Monday, June 30, 2014

Jackals: Small but feisty

This morning we came across a nice tasty wildebeest carcass with some subadult (ie. teenage) hyenas feeding on it. As far as carcass feeding goes, this was a pretty calm morning for the hyenas (No one got bullied over food TOO much). Really, the drama surrounding the carcass was ALL jackal drama, which inspired me to write a something about these gutsy little dudes.

If we find lions or hyenas feeding on a carcass in the Mara, we are very likely to find some diminutive jackals running around in the background. While the larger predators are often busy fighting with each other, the jackals can often fly under their radar, darting in and out of the group feeding on the carcass and grabbing small scraps.

These jackals were agile enough to grab some scraps despite the annoyance of the hyenas.

They are surprisingly gutsy with larger predators. (Keep in mind, jackals are the size of a small fox (~ 13-33 lbs), as opposed to lions (~ 240-400 lbs) and spotted hyenas (~ 100-180 lbs). Recently, I saw an injured lioness guarding a carcass from a couple hyenas. She lunged at the hyenas, who promptly ran away, giggling frantically. After that, a lone jackal jauntily ran up to her and stared from a few yards away. After a few minutes of a stare down between the two, the jackal finally thought better of it. Still, he/she made a better show of it than the hyenas.

The lioness is hiding in the bushes on the left:

Some extra reasons jackals are excellent:

They’re survivors – Jackals basically eat whatever whenever, which makes them successful in areas where other carnivores may suffer.  While they’re definitely game for carrion, it only makes up 3-18% of their diet in the Serengeti. They also eat insects, rodents, snakes, baby antelope, and will start adding more fruit to their diet when vulnerable prey are hard to find. They can even do very well in areas with lots of humans, because they will happily eat our trash, scraps, and (sadly for the farmers) small domestic animals.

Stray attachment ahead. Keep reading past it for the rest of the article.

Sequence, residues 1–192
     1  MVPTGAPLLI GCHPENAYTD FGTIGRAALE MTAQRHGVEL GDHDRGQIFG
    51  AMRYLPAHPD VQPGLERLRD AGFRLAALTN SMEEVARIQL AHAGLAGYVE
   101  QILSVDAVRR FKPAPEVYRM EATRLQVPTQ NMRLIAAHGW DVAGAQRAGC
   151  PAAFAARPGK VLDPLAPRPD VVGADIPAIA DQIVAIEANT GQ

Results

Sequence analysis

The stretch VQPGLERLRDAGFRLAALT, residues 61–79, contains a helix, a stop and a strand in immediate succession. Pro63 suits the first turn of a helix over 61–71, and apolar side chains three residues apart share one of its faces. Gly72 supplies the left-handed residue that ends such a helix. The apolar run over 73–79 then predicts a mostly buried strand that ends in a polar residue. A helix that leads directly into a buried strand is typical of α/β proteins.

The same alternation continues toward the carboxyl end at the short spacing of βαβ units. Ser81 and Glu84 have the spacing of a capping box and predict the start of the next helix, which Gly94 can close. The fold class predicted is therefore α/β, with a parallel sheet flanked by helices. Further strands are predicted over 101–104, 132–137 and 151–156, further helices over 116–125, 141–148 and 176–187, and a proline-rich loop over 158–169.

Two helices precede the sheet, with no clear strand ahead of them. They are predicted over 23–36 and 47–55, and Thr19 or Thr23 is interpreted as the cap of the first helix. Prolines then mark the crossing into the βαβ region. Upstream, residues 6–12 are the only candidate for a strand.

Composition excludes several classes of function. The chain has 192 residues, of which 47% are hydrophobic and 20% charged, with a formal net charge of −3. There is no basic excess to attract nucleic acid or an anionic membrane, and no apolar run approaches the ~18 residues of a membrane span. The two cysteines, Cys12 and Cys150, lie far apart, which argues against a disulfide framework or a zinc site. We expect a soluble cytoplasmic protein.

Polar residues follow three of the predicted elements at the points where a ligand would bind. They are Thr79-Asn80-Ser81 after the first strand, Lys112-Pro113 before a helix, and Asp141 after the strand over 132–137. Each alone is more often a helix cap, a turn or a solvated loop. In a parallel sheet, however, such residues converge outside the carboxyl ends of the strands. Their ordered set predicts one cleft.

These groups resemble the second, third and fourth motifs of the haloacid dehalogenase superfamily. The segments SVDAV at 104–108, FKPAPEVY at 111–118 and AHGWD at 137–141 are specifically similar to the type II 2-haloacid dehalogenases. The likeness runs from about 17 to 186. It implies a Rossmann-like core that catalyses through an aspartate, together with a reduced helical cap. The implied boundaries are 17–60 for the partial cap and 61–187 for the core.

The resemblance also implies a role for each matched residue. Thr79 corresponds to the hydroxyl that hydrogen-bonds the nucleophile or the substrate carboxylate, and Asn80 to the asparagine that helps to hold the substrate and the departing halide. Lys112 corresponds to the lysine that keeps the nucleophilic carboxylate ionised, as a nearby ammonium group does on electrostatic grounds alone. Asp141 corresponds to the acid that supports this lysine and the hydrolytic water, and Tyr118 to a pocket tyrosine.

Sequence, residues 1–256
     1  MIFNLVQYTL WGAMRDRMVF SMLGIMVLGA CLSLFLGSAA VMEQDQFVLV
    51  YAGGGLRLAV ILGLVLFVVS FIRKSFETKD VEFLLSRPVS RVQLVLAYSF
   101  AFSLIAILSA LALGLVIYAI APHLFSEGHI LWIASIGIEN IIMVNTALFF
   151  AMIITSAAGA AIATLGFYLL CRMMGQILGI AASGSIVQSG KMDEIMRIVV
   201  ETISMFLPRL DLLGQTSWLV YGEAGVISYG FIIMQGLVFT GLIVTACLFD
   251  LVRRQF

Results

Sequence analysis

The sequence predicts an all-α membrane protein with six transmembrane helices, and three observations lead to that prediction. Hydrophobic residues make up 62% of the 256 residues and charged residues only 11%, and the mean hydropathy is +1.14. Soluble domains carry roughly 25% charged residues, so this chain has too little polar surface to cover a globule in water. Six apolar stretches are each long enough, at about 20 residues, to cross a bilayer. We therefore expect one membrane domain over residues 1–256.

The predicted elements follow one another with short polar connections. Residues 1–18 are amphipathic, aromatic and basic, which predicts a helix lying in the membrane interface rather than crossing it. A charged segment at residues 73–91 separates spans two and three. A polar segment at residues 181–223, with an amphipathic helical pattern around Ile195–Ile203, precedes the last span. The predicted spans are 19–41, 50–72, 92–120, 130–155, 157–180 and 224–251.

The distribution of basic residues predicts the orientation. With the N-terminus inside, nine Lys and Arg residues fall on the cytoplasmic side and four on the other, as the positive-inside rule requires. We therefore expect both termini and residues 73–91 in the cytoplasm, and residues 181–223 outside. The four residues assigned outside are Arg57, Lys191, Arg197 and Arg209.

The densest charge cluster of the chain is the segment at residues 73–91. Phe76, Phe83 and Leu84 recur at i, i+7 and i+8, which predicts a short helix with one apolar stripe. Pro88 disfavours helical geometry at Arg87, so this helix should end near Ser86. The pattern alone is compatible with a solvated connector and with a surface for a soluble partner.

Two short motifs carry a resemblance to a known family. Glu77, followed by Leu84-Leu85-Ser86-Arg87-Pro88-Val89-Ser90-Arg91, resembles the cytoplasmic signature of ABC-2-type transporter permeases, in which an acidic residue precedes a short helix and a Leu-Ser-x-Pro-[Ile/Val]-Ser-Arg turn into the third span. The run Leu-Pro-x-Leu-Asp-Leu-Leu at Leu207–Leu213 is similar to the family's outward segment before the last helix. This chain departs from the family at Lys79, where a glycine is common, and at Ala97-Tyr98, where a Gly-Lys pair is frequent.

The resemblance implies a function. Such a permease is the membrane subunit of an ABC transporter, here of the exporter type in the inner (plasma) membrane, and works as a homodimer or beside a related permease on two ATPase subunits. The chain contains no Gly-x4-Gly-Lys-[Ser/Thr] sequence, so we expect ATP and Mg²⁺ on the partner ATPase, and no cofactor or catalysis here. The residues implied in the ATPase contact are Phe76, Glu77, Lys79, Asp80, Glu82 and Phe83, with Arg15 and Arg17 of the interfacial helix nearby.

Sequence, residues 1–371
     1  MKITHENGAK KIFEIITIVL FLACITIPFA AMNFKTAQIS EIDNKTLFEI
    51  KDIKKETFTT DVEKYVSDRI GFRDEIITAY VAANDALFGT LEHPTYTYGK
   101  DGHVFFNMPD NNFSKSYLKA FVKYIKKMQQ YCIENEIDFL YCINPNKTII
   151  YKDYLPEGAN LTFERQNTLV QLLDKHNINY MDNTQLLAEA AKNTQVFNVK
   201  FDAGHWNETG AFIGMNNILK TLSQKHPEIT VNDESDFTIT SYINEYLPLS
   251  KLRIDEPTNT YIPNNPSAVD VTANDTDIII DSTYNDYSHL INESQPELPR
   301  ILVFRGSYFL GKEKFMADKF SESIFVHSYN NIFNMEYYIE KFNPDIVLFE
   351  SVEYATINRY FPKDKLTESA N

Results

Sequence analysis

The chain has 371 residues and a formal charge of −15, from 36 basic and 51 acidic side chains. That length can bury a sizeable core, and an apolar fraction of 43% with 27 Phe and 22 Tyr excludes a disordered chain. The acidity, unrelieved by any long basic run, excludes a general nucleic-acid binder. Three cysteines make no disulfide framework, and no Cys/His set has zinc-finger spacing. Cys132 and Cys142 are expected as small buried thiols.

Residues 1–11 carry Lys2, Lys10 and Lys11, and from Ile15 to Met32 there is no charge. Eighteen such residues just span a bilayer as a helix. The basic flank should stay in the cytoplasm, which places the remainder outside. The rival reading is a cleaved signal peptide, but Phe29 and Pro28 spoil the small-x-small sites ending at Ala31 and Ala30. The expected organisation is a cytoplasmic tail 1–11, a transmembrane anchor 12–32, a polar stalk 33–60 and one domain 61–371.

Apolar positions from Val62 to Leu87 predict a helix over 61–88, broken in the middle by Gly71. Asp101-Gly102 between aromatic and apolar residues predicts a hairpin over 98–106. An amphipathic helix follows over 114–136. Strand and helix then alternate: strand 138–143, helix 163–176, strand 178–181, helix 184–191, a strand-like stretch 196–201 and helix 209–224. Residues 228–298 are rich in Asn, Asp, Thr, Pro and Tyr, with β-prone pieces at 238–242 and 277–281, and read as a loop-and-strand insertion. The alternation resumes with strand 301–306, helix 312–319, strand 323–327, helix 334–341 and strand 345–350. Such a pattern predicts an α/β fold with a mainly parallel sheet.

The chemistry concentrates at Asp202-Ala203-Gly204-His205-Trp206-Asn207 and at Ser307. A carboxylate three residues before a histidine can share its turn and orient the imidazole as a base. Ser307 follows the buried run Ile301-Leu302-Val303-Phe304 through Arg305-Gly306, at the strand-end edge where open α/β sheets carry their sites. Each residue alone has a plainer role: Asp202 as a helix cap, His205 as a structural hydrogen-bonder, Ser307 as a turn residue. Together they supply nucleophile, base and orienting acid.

They’re wily- The will follow hunting lions and wait for them to make a kill, then dart in and grab some food. In the Kalahari Desert, they will also follow brown hyenas, who are extremely good at finding carrion, and try to pilfer off them.

They’re always game for a fight – At our carcass this morning, the jackals spent a good portion of their time attacking the vultures and marabou storks, large scavenging birds who were also trying to nab some food. We even saw some of the jackals jumping in the air after the birds when they tried to get away.

In the Kalahari, jackals have been known to play “tug-of-war” with brown hyenas, with several jackals pulling at one end of the carcass while a hyena pulls at the other. They’ve even been known to nip hyenas on the bum and dash in to grab a scrap when the hyena whirls around to attack. I myself would think twice before nipping a hyena on the butt, but not jackals...

We had a little bit of tug-of-war going on this morning:

The jackals that fight together stay together: Jackals are generally monogamous – staying with the same partner for years. Together, they will defend their babies from hyenas by nipping their haunches, defend their territory from other jackals, and hunt together.
If two jackals hunt together, they can take down a baby antelope 67% of the time, even if mom is defending it.

And, of course, they are adorable:

If you're interested, I got my information from these sources: 

Estes, R.D. 1991. The Behavior Guide to African Mammals. University of California Press. Berkeley, CA.

Kaunda, S.K.K., and J.D. Skinner. 2003. Black backed jackal diet at Mokolodi Nature Reserve, Botswana. Afr. J. Ecol. 41: 39-46.

Mills, M.G.L. 1990. Kalahari hyaenas: the comparative behavioural ecology of two species. London: Unwin Hyman.

Owens, M. J., and D. Owens. 1978. Feeding ecology and its influence on social organization in brown hyaenas (Hyaena brunnea, Thunberg) of the Central Kalahari Desert.  E. Afr. Wildl. J. 16: 113–135.

 Pereira, L.M., Owen-Smith, N., and M. Moleόn.  2014. Facultative predation and scavenging by mammalian carnivores: seasonal, regional and intra-guild comparison.  Mammal Rev. 44(1): 44-55.

Wyman, J. 1967. The Jackals of the Serengeti. Animals 10:79-83.

Michigan State University | College of Natural Science